Pros and Cons of a Suction Pool Cleaner

worker attaching hoses to pool for cleaning

Between dodging leaves, brushing walls, and fighting with filters, maintaining your pool can feel like a full-time job. Luckily, suction pool cleaners rely on your pool’s filtration system to tackle dirt and debris, making your life easier. They’re the most affordable type of automatic pool cleaners, but they often require frequent maintenance and attention, which can offset some of the initial cost savings. In this article, we’ll take a deep dive into the pros and cons of a suction pool cleaner.

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But First, What is a Suction Pool Cleaner?

Pipe of a suction pool cleaner
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A suction cleaner is an automatic pool cleaning device that uses your pool’s filtration system to remove debris. It consists of a suction head or disc, a hose that links to the pool’s skimmer or a dedicated suction line, and a regulating valve to control the flow.

Once attached to the pool’s circulation system and powered by the pool pump, the cleaner gets to work. It moves around the pool in either a random or programmed pattern, guided by the water flow and suction from the pump. As it navigates the pool surface, the suction head or disc scrapes and vacuums the pool surface, picking up leaves, twigs, insects, and other debris along the way. 

Pros of Suction Pool Cleaners

1. Budget-Friendly

Suction-side pool cleaners are the most affordable type of automatic pool cleaners. You can find a quality suction cleaner starting from as low as $93, going up to around $686 for more advanced models.

In contrast, robotic pool cleaners can be quite pricey, with some models ranging from $211 to $5,624. Pressure-side pool cleaners can also be a bit on the expensive side, especially if you need additional equipment like booster pumps. On average, they cost between $213 to $1,248.

2. Simple Installation

The installation process of a suction pool cleaner is straightforward and can typically be completed in just a few simple steps:

  • First, connect the cleaner’s hose to the suction port in your pool’s wall or skimmer. This hose allows the cleaner to move around the pool and suck up debris. 
  • Then, connect the other end of the hose to the cleaner itself. 
  • Once everything is securely connected, you’re ready to start cleaning your pool.

Compared to pressure cleaners, suction cleaners offer a much simpler installation process. Pressure cleaners often require additional hardware, such as booster pumps, that need to be integrated into your pool’s plumbing system. This adds complexity and can make the installation process more time-consuming and challenging. On the other hand, suction cleaners eliminate the need for these extra components, making the setup quick and hassle-free.

3. Easy to Use

In addition to being easy to install, suction-side cleaners are also easy to use. They operate autonomously, similar to robotic pool cleaners. This means that once they are set up, they can move around the pool on their own. 

Plus, unlike pressure cleaners (which often need adjustments to water flow and pressure levels), suction cleaners don’t require periodic monitoring and fine-tuning. Simply attach it to the suction line, and it will do the rest of the work for you.

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4. Multiple Cleaning Cycles

Another advantage of suction pool cleaners is that they offer multiple cleaning cycles. This means that they come with different modes or settings that respond to various cleaning needs

This allows you to adapt to the specific needs of your pool, customize the cleaning process, and ensure that every nook and cranny is thoroughly cleaned. Whether you need a quick clean-up or a deep cleaning session, suction pool cleaners have got you covered.

In addition, suction-side models typically come with adjustable flow controls, allowing you to customize the level of suction power based on the specific needs of your pool. This way, you can set the cleaner to a high suction level for areas of your pool with heavy debris, and a lower suction level for more delicate areas such as near pool steps or the base of pool walls.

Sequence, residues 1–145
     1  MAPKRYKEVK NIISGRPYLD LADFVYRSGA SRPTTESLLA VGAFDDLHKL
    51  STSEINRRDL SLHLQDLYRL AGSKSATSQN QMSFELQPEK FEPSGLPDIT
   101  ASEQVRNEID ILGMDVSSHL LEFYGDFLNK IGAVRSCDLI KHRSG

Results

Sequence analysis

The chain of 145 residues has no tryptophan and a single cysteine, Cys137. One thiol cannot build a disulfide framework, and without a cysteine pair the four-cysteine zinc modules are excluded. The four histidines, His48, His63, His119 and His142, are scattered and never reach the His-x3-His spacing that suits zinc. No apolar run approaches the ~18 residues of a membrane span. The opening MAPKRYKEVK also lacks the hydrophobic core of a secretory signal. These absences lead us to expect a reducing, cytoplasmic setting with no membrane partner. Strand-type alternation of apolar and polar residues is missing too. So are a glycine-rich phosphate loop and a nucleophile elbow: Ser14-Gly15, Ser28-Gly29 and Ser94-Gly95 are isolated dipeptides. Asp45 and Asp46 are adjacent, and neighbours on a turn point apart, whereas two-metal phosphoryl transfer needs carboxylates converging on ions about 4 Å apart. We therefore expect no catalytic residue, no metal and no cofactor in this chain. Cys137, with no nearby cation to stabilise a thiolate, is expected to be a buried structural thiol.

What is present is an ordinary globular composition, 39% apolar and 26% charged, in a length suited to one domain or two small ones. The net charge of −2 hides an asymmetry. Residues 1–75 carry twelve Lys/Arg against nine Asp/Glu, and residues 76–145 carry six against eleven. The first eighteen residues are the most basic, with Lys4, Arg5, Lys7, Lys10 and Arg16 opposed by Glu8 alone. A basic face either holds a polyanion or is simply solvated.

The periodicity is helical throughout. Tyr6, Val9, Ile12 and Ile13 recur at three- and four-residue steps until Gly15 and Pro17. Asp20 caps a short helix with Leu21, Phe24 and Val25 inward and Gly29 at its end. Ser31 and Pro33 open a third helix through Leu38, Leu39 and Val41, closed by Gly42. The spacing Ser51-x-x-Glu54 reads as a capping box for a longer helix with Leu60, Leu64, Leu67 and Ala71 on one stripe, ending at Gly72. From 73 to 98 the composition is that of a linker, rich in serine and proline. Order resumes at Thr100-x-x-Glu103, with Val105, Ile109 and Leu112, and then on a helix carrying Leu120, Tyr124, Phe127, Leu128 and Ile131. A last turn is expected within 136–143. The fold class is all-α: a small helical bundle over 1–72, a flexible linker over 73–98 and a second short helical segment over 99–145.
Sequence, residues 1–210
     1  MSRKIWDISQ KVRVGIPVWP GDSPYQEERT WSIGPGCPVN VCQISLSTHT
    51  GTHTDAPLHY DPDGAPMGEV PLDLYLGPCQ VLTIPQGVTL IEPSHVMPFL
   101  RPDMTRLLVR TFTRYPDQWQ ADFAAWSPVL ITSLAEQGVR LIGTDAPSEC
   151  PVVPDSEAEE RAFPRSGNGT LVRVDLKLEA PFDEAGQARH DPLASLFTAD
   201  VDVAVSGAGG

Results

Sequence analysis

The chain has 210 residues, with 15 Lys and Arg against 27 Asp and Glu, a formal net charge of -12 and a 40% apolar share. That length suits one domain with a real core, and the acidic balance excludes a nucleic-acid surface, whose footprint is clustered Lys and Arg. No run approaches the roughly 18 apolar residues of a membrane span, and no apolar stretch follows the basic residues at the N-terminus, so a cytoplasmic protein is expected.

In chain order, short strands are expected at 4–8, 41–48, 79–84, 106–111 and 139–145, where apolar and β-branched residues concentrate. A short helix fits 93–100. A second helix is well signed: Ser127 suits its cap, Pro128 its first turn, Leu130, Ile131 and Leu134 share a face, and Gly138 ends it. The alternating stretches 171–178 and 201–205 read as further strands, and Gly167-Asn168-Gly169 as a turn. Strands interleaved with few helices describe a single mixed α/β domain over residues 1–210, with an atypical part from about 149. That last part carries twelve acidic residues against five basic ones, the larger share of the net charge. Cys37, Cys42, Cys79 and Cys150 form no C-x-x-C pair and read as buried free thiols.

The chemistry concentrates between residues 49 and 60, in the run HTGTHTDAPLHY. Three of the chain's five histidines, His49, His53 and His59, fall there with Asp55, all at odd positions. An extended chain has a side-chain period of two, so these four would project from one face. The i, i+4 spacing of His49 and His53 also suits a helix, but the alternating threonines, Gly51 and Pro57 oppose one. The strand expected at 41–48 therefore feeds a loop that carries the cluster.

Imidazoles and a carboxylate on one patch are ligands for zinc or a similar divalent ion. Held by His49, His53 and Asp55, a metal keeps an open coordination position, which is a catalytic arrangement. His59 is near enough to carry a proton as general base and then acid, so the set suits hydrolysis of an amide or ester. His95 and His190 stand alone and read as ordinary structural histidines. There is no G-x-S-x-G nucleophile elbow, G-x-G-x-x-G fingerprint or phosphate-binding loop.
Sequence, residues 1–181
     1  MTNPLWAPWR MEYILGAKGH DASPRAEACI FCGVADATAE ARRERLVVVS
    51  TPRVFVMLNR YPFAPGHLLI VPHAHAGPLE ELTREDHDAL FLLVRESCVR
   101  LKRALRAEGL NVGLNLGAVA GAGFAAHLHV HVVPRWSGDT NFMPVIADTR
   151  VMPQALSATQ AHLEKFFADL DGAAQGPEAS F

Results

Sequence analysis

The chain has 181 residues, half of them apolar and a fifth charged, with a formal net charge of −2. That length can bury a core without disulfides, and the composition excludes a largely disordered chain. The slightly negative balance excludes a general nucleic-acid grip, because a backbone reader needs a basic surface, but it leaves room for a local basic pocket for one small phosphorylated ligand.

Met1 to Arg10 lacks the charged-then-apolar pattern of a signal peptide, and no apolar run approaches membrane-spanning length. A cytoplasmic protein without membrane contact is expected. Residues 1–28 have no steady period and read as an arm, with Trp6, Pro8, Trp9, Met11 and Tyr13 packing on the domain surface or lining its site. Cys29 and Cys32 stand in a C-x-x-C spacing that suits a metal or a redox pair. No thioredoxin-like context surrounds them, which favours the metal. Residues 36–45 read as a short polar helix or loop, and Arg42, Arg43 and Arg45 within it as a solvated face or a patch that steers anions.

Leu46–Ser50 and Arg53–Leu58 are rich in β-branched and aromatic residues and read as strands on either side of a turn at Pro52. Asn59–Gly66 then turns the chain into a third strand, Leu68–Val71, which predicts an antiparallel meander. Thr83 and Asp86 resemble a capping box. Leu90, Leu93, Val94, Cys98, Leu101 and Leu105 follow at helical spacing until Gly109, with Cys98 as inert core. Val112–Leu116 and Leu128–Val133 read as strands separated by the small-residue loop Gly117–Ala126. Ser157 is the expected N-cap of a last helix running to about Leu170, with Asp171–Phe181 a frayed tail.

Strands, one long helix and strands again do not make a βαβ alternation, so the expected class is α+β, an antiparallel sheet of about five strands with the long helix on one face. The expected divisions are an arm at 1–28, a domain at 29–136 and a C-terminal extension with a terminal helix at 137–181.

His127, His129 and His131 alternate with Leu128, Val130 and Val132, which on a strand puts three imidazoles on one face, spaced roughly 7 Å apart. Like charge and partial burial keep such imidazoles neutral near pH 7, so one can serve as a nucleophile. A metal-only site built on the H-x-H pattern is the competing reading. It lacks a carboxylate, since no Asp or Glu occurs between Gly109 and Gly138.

5. Excellent Small to Mid-Sized Debris Pickup

Unlike pressure cleaners, suction pool cleaners are designed to be highly effective at picking up small and medium-sized debris. Their brushes and scrubbers work vigorously to agitate and loosen dirt and algae from surfaces such as the pool floor and walls. This agitation process ensures that even stubborn debris is dislodged and ready to be suctioned into the cleaner’s filtration system.

6. Improved Water Circulation

As suction cleaners move around your pool, they create currents that help to distribute the water more evenly and promote better circulation throughout the entire pool. This constant movement of water also helps in preventing the growth of algae, bacteria, and other microorganisms that thrive in still water.

This doesn’t happen with other types of pool cleaners, such as robotic models. These typically focus more on the surface of the pool, while suction-side cleaners are specifically designed to clear debris from both the bottom and the surface of your pool, ensuring that the water is continuously moving and reaching all areas.

7. Energy-Efficient

Suction pool cleaners are designed to use the power generated by your pool’s filtration system to operate. Unlike pressure cleaners that need extra power from electricity or a separate booster pump, suction cleaners don’t require any additional power source. This means you can run them for longer periods without stressing over high energy bills.

However, it’s worth noting that this over-reliance on the filtration system can cause its components to degrade or malfunction. If this happens, the pump will have to work harder, leading to increased energy costs.

Cons of Suction Pool Cleaners

1. Limited Cleaning Pattern

Due to their design and how they operate, suction cleaners have a different cleaning pattern compared to robotic and pressure cleaners. While robotic and pressure models move around the pool in a more methodical manner, suction cleaners rely on a somewhat erratic and random pattern. This can sometimes lead to missed areas or spots that aren’t cleaned as thoroughly as others

2. Not Ideal for Large Debris

Suction pool cleaners have a smaller intake and smaller openings compared to robotic and pressure cleaners. As a result, this impedes their ability to handle larger debris such as large leaves, twigs, or even branches. If your pool is close to a tree or areas with frequent large debris, you may have trouble relying on just a suction cleaner to keep your pool clean.

3. Requires Regular Maintenance

Suction cleaners tend to require more frequent maintenance and attention than other types of pool cleaners. 

The debris they collect is typically routed through the pool’s skimmer or a dedicated leaf catcher before reaching the pool’s filter. This means that the cleaner’s performance is directly influenced by the cleanliness and efficiency of your pool’s filter system. If it’s clogged or dirty, it will impact the cleaner’s suction power and cleaning ability. Therefore, regular cleaning and maintenance of your pool’s filter system are necessary to keep the suction cleaner in top shape.